Applications of Non-Blocking Data Structures to Real-Time Systems
Licentiate thesis, 2002
This thesis is a major part of the results within a project called "Applications of wait/lock-free protocols to real-time systems". This project is funded by the national Swedish Real-Time Systems research initiative ARTES (www.artes.uu.se) supported by the Swedish Foundation for Strategic Research. The project started in March 1999 and has been running in major with one active Ph.D. student. The aim of the project was to study non-blocking algorithms and apply them to real-time systems. The applications should focus on commercial real-time operating systems, with Enea OSE as the major target.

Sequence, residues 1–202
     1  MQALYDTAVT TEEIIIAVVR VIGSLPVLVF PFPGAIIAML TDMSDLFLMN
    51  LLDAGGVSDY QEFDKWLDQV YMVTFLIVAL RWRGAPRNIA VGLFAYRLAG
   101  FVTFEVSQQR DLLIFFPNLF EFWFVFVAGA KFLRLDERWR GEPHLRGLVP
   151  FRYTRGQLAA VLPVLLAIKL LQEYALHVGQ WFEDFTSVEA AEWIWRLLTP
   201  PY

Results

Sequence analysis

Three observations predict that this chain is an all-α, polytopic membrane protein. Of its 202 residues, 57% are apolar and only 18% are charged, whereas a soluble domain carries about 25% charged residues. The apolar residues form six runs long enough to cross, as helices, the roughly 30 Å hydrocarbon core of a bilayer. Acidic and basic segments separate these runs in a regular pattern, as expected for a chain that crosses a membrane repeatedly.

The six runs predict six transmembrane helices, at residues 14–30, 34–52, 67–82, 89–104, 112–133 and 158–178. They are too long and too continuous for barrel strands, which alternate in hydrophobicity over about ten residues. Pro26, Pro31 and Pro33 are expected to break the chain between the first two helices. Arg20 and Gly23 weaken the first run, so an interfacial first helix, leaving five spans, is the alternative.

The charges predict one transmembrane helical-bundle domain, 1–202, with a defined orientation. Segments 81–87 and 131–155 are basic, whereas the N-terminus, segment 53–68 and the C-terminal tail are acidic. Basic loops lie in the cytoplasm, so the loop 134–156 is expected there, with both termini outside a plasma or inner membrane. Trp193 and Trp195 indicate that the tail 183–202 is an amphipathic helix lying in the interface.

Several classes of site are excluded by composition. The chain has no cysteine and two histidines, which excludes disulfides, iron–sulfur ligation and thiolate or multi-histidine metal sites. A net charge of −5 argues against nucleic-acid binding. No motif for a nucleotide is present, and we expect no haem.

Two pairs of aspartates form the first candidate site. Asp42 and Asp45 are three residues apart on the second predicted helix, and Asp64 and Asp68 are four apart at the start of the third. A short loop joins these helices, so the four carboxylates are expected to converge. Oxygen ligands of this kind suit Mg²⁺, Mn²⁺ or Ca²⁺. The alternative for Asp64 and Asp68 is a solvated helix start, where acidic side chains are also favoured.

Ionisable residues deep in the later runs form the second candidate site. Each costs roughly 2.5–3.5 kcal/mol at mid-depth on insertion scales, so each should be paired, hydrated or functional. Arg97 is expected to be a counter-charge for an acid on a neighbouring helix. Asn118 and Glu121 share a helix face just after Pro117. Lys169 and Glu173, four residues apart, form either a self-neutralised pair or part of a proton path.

We started with evaluating wait-free snapshot algorithms suitable for real-time systems. As snapshots are very useful in distributed embedded systems, we focused on experiment models using the CAN-bus.
We have studied how using timing information available in real-time systems can be used to improve and simplify wait-free algorithms for shared data structures. The results from experiments and analytical evaluations show significant improvements and high applicability within real-time systems.
We have been doing studies and implementation work with known lock- and wait-free data structures. Some algorithms have been corrected and refined for implementation. Several of these data structures as well as those presented in this thesis have been put together into a library. The functionality of the library is designed in a way to be easily accessible for non-experts in non-blocking protocols. Experiments on multi-processor platforms show significant improvements.